After picking up five hot-looking guys on the beach, the six cute coeds get back into their convertible and make their way to a clearing in the godforsaken the forest. Turns out Uncle Vito has a pretty posh mansion with a built-in pool.

The bimbos slip into their bikinis and begin flirting with the buff boy-toys, blissfully unaware that a couple of Mafia hit men were just murdered in the same neck of the woods by a deranged maniac. If you’re familiar with high body-count slasher flicks, you have a good idea what’s in store for the unsuspecting revelers.   

The killer soon starts picking them off one-by-one, dispatching each victim in very grisly fashion, whether that death be by baking in a tanning bed, by decapitating with a bicycle chain, by stabbing in a shower Psycho-style, by whipping, hanging, wood chipper, or run through by sword. Much of the violence is highly eroticized ostensibly to satiate the bloodlust of fans who like their slaughter with a little titillation on the side.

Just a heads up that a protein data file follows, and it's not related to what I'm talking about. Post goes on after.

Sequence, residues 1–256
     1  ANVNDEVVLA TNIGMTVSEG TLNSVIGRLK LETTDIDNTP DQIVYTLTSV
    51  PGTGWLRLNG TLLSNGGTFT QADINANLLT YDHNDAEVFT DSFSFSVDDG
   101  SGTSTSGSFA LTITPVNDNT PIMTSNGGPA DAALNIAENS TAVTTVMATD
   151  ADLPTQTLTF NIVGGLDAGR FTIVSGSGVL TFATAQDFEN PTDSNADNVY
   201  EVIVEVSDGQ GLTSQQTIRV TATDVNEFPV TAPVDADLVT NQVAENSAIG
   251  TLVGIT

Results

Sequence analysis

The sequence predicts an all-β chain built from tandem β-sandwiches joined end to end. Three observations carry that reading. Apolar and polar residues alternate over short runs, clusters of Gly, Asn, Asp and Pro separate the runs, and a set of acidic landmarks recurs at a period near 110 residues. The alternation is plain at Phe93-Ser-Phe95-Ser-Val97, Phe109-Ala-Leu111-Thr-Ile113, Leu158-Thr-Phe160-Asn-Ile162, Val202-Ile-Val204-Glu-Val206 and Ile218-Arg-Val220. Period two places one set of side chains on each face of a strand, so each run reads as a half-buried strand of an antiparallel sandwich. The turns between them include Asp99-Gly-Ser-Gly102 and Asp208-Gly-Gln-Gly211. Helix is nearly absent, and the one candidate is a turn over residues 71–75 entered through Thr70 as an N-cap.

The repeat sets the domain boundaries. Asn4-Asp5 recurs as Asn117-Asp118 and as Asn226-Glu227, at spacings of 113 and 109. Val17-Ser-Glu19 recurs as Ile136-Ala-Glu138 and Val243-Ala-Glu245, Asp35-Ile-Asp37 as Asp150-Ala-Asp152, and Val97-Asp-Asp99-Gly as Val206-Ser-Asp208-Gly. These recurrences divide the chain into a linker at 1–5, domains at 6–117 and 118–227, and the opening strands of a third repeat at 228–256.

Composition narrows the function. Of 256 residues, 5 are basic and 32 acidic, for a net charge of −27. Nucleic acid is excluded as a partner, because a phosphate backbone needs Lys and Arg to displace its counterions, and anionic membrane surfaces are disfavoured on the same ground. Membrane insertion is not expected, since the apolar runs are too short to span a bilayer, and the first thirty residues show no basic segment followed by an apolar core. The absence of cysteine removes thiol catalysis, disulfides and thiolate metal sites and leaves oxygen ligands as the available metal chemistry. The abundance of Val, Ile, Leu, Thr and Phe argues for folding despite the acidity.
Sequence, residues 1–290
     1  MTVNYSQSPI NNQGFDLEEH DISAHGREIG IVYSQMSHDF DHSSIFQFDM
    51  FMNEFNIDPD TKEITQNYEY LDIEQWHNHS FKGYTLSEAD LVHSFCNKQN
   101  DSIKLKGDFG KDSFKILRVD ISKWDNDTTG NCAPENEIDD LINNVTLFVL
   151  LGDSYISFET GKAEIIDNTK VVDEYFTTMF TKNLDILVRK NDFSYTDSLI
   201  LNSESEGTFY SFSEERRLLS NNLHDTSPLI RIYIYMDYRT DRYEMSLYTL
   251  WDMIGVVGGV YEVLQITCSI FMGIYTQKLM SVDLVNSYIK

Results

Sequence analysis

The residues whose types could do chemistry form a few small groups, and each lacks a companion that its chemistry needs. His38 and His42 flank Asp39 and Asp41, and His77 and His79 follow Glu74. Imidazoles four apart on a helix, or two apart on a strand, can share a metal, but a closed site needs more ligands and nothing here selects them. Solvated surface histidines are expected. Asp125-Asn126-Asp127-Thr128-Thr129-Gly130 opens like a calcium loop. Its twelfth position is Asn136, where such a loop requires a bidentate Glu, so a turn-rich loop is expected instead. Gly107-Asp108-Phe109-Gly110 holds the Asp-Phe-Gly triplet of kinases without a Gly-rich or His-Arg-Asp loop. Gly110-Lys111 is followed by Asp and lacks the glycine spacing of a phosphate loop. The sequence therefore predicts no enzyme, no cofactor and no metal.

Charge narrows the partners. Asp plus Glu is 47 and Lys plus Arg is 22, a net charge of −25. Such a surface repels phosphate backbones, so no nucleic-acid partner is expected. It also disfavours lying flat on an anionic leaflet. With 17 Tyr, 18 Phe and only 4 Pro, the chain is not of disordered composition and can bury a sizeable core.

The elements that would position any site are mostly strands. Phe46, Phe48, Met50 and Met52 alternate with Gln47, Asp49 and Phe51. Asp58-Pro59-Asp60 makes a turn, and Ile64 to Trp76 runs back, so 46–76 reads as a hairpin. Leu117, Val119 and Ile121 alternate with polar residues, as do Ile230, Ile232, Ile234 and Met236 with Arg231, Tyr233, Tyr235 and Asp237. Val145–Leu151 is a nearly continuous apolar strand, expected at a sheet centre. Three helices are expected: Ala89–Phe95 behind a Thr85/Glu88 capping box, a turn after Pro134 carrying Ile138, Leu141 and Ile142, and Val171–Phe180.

Written and directed by Paul Tarnopol, Jersey Shore Massacre is a gruesome horror flick not for the faint of heart. And the picture also paints a pretty pathetic picture of Italian-Americans, since the principal players are the sort of vapid, vain characters featured on the reality-TV series Jersey Shore.

            While the film fails to break any new ground in terms of the splatterflick genre, it’s still entertaining enough to recommend, provided you have a strong stomach for vivisection and Italian stereotypes.

 ood (2 stars)

Rated R for sexuality, nudity, profanity, drug use, ethnic and homophobic slurs, and graphic violence

Running time: 88 minutes

Distributor: Attack Entertainment 

To see a trailer for Jersey Shore Massacre, visit:  https://www.youtube.com/watch?v=uDcw8L_M3S4



Reviews
userpicIf I Stay (FILM REVIEW)